Blog – The Lectern

Musings on history, language, and beyond

“I have no expectation that any man will read history aright who thinks that what was done in a remote age, by men whose names have resounded far, has any deeper sense than what he is doing today.”
–R.W. Emerson, “History”

Header photo: Monastery Library in St. Florian, Austria

Guilford College and the future of the liberal arts…

20.11.2020 in Uncategorized

Dear colleagues, It is with considerable concern that we would like to alert you to the dire situation at our alma mater Guilford College, which recently announced plans to terminate the contracts of dozens of faculty and staff—including tenured professors who have decades of service—at…

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Wildfires and Wittenberg

09.05.2017 in Uncategorized

Who’s responsible for the fire? Last fall several wildfires raged in western NC. Ash rained down on my former high school; some schools closed due to the smoke, and some local residents lost everything, even their lives. At least a few of these fires were…

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“Glaubensfragen” and False Dichotomies

06.11.2016 in Uncategorized

For the past few days,* I’ve been attending the biannual historians’ convention in the metropole on the Elbe. This year the overarching theme of the event was “Glaubensfragen” (questions of belief), and I booked my ticket anticipating a lot of religious history. I wasn’t disappointed,…

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A somber anniversary . . .

10.04.2015 in Uncategorized

During my first semester in Munich, we had a week of fall break. Most of my fellow students made the most of their Eurail passes to travel to far off places to the south or east or west, but I decided to go north, alone,…

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A mile in their shoes . . .

11.03.2015 in Uncategorized

“All art has been contemporary.” It was a large sign, glowing neon, hanging at the entrance to the exhibition. But this wasn’t MOMA—wrong continent. I was in Munich, but it also wasn’t the new Pinakothek der Moderne. No, the sign that caught my attention was…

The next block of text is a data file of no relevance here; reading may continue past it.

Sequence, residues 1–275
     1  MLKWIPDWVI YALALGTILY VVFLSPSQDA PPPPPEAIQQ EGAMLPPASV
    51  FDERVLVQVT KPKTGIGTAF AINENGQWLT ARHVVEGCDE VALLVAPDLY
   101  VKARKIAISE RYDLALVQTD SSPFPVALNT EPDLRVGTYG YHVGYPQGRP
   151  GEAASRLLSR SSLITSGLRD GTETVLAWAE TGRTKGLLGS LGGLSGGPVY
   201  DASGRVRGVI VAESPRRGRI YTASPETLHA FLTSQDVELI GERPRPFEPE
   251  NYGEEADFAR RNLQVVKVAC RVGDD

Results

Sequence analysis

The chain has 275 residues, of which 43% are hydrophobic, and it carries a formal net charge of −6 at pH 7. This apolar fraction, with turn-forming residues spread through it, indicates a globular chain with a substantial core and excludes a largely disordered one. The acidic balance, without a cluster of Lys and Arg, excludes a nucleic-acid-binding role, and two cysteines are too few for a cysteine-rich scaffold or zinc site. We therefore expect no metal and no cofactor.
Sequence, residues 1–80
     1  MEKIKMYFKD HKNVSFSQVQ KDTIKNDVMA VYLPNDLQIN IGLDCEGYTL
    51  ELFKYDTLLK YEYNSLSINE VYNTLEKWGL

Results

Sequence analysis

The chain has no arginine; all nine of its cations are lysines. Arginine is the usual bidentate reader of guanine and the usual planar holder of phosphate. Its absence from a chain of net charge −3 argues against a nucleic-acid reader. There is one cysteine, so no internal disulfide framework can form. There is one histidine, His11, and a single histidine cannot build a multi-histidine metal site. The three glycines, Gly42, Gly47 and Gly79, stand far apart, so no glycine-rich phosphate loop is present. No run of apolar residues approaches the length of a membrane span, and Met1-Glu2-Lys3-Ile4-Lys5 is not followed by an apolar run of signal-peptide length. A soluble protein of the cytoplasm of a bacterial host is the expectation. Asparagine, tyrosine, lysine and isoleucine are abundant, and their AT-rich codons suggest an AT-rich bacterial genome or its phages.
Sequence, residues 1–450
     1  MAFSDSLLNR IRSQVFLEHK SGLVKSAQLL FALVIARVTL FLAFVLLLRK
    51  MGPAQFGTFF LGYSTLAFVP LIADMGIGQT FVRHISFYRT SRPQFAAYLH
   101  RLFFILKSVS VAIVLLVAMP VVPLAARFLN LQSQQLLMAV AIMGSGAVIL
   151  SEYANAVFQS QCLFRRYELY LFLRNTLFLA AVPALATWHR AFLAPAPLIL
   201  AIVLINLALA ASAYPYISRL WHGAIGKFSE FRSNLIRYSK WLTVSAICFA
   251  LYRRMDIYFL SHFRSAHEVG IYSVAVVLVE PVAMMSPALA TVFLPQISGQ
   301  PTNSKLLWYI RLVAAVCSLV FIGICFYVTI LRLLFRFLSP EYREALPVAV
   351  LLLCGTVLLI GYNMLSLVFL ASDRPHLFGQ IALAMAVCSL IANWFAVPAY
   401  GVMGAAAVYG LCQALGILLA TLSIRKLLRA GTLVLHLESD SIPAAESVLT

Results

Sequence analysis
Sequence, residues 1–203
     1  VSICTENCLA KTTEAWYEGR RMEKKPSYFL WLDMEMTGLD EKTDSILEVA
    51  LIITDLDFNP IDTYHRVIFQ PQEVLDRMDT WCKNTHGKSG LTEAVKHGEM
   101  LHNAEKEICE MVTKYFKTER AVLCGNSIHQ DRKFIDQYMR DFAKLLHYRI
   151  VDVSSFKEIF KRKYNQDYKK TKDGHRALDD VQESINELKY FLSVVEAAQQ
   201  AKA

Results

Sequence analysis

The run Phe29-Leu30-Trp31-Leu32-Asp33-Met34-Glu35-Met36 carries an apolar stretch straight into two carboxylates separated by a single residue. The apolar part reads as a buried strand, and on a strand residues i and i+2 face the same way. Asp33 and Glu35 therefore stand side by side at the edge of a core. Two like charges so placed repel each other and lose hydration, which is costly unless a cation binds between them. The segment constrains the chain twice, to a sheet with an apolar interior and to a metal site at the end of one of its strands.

A stroll down memory lane towards a new endeavor

02.01.2015 in Uncategorized

In the course of preparing this website I picked up my old copy of Emerson’s essays; I remembered that I had quoted his essay in my personal statement in applications to graduate school, and I thought that I might be able to use the quote somewhere on the site.

I wasn’t quite prepared for the trip down memory lane and the feelings of nostalgia that holding the book in my hand aroused. There was a postcard stuck between the pages, an image of Pompeii, and among the many underlined passages in the book, the following, in Emerson’s essay on self-reliance: “Travelling is a fool’s paradise. Our first journeys discover to us the indifference of places. At home I dream that at Naples, at Rome, I can be intoxicated with beauty and lose my sadness. I pack my trunk, embrace my friends, embark on the sea and at last wake up in Naples, and there beside me is the stern fact, the sad self, unrelenting, identical, that I fled from. I see the Vatican and the palaces. I affect to be intoxicated with sights and suggestions, but I am not intoxicated. My giant goes with me wherever I go.”

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